Cooking Safety

Cooking is a common cause of injury in the home and the leading cause of home fires. Stoves, ovens, toaster ovens and microwaves can all be sources of kitchen fires. When cooking in the kitchen, parents need to know how to prevent fires and what to do if a fire starts.

Facts about Cooking Fires

  • According to the US Fire Administration, US fire departments responded to more than 183,000 home fires that involved cooking equipment in 2016.
  • These fires caused 170 deaths and nearly 3,500 injuries.
  • Most of the home cooking fires involved stoves and occurred when cooking food was left unattended.

What to Do If a Kitchen Fire Starts

  • If a small fire starts in a pan, do not try to move it.
  • Use an oven mitt to carefully slide a lid over the burning pan. Turn off the heat and leave it there until it has completely cooled.
  • Never throw water on a grease fire.
  • If a fire starts in the oven, toaster oven or microwave, turn off the heat and keep the door shut.
  • Replace the appliance or have it serviced before using it again.
  • Call the fire department to report the fire.
  • Do not try to fight large fires on your own. Get out of the house and call 9-1-1.

Cooking Safety Tips

  • Always stay in the kitchen while using the stove. Turn off the stove if you leave the room.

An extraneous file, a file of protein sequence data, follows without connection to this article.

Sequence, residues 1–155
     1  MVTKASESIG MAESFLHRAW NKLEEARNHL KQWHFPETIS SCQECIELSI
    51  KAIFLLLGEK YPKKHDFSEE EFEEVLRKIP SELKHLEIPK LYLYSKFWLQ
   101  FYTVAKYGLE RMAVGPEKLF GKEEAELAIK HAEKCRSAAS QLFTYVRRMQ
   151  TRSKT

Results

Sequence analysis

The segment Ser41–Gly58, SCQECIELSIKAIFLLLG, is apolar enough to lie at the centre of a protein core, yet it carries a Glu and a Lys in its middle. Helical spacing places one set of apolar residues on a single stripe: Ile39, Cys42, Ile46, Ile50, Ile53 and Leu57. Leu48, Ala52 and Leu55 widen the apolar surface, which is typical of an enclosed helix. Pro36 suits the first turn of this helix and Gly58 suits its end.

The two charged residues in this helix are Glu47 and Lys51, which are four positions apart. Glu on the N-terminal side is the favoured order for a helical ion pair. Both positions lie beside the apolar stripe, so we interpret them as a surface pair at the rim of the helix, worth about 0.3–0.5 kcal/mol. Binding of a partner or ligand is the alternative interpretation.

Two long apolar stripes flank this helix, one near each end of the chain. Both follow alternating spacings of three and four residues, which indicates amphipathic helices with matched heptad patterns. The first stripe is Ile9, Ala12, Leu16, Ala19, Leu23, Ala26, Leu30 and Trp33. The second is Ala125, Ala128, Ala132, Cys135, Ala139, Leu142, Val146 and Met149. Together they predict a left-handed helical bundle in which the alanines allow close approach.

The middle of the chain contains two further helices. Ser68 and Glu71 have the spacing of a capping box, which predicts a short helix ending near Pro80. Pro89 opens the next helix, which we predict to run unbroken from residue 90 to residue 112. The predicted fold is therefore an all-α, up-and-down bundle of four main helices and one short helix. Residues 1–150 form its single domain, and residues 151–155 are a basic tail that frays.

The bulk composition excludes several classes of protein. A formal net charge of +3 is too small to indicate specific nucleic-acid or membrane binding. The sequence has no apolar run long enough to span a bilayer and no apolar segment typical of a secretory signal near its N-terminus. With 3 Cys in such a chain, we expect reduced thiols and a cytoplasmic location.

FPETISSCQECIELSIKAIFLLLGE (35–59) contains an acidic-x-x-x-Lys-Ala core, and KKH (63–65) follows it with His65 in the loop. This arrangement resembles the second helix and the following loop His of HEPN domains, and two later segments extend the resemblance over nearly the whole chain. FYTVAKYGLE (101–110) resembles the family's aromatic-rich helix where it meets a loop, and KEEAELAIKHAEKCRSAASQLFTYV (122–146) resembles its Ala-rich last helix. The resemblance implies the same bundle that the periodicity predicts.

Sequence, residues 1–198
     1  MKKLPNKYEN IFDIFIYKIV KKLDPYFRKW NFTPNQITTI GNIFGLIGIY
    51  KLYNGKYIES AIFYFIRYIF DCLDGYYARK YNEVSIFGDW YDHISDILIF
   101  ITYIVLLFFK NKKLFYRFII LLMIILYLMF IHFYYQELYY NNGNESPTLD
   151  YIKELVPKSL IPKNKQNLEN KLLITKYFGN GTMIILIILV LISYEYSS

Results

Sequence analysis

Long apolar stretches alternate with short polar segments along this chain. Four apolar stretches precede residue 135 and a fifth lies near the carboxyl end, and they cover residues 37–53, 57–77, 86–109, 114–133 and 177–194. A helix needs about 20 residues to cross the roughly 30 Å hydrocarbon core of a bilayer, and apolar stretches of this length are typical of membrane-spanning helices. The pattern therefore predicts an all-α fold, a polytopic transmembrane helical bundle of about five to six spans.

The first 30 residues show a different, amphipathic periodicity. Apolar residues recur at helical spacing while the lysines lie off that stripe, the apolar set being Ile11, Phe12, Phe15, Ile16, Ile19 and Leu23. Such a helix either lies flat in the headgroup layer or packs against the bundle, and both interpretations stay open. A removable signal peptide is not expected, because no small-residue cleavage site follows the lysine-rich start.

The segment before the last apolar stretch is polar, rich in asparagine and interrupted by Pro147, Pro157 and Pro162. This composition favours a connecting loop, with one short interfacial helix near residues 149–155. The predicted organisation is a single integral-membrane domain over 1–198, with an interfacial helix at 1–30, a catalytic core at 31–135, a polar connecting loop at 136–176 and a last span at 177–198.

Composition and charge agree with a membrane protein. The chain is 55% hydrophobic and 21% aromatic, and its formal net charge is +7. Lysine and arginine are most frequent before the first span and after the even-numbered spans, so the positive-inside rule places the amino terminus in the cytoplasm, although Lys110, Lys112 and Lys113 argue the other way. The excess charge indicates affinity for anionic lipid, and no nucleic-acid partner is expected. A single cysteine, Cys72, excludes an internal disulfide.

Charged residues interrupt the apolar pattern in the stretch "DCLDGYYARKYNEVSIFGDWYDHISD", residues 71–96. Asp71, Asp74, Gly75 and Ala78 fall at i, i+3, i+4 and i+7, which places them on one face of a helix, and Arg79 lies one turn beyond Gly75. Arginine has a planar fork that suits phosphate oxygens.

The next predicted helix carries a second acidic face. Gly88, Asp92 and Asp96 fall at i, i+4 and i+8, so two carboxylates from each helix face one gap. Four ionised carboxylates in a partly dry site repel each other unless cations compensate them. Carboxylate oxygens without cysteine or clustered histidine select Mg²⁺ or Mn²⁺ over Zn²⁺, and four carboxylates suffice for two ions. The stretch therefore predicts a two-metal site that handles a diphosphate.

• Designate a “kids-free zone” that is at least 3 feet away from the stove.
  • Always turn pot handles toward the back of the stove and use the back burners whenever possible.
  • Roll up sleeves before cooking. Loose-fitting clothing can catch on fire.
  • Clean the stove, oven and burners regularly to prevent grease buildup.
  • Keep items that can catch on fire, such as dish towels and pot holders, away from the stove.
  • Plug cooking appliances directly into an outlet. Never use an extension cord for a cooking appliance.
  • Tuck appliance cords out of reach of children.
  • Only use microwave-safe containers to heat things in the microwave.
  • If a smoke alarm sounds during normal cooking, open a door or fan the area. Do not disable the smoke alarm or take out the batteries.

Burns and Scalds

Burns can be caused by contact with hot liquids or steam (these are called scalds), or by contact with hot objects, electricity or chemicals. On average, 120,000 children younger than 21 are treated in hospital emergency departments for burn-related injuries each year.

Learn more about preventing burns and scalds.